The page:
A WORD THING

A WORD THING

About a month ago I was in Budapest with three of my friends and one night we headed to a ruin bar. So here we are four girls, sitting in an inside courtyard sipping our drinks and these two guys come up to us. One of them strokes my right arm, looks into my eyes and says, “I love your black skin”. Okay, cool, casual, I look at my friends and we burst out laughing as I shrug him off. Then he says, “Come on, n*****’s are hot.”

I don’t think the last word was even out of his mouth and I was shouting at him to walk away. If I’m honest it was all quite a blur as Emily and myself almost screamed the place down as he frantically tried to justify his use of the word. Eventually his friend – who looked absolutely terrified throughout the whole incident – managed to drag him away. We laughed about it afterwards, called him a variety of names and continued to enjoy our night.

Since I’ve been back and retold the story, it got me thinking about the n-word, why exactly it is ‘not okay’ and why I reacted in such a way.

For as long as I can remember the word has always made me feel uncomfortable, it’s not something that has ever been present in my vocabulary.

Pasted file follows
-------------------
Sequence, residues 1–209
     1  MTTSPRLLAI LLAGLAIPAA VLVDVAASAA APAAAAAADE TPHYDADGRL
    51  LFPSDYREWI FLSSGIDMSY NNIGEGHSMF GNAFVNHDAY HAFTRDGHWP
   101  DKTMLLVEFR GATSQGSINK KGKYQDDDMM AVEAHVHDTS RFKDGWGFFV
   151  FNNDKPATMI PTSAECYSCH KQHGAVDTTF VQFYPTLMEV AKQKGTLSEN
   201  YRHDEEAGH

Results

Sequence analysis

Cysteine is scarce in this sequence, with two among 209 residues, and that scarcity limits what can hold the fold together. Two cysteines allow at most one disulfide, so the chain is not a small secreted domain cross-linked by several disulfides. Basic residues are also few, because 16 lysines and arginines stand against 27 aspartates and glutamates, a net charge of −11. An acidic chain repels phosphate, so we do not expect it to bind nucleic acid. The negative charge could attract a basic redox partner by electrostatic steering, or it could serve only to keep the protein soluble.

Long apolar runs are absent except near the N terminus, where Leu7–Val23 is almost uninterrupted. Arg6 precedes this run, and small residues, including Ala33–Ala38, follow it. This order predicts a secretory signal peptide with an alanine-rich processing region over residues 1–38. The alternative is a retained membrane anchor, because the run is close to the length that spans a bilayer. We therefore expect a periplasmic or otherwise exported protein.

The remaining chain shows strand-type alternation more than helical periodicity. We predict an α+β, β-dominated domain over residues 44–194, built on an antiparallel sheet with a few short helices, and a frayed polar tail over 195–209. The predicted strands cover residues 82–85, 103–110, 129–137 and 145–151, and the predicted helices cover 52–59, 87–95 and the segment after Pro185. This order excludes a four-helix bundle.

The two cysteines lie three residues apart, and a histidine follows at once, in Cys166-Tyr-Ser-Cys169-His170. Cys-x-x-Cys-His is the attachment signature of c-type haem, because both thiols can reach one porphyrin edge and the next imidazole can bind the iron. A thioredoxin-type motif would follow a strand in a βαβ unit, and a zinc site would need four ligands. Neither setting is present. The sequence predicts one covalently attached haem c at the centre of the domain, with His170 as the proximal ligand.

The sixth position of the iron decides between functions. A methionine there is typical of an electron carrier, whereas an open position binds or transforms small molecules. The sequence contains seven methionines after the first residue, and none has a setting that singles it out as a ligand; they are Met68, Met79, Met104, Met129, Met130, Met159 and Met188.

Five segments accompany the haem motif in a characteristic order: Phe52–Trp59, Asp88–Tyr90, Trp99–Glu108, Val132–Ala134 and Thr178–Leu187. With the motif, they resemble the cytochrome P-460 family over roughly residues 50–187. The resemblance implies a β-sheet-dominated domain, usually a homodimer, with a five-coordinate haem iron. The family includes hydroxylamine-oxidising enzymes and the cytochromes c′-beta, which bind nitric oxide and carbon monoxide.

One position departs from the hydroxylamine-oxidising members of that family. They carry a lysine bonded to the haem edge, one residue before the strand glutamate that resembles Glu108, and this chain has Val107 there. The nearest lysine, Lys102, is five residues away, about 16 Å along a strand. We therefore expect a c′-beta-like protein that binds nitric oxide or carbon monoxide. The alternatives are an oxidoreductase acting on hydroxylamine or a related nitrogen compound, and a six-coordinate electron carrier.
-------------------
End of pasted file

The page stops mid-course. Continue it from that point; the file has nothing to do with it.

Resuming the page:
If you type the n-word in on the Oxford Dictionary it says, contemptuous term for a black or dark-skinned person. It is also a word that continues to have a place in popular culture, various black artists use it in their music and some in the black community use it as a term of endearment arguing that they are ‘taking ownership of the word’ which apparently makes it okay. This is where I choose to disagree. I don’t believe in taking ownership of the word, I refuse the argument that if one black person calls another n***** then it’s accepted but if a white person says the same to another black person its bad.

For me, when a person says the word ‘n*****’ they’re saying ‘you’re black and you’re not as good as the rest, you are a second class citizen, you are biologically inferior.’ Perhaps it’s because I have two younger brothers that I feel so strongly against using it. To use the n-word not only perpetuates the stereotype of the ‘angry black man’ but it also creates the idea that you should only be categorised by the colour of your skin and the connotations that come with it.

The n-word was shouted at slaves in America in the 18th century, as they were beat to death and it was chanted at African Americans as they were lynched by mobs of white men in the 19th century. Maybe it’s what the police officers shout at the unarmed black boy before they shoot him, if it’s not what they’re saying, it’s certainly what they’re thinking.

The connotations, meanings and stereotypes that come with the n-word have no place in the twenty first century. I don’t care if you are using it to tell me how great I look, I don’t want to hear it.

Tomiwa

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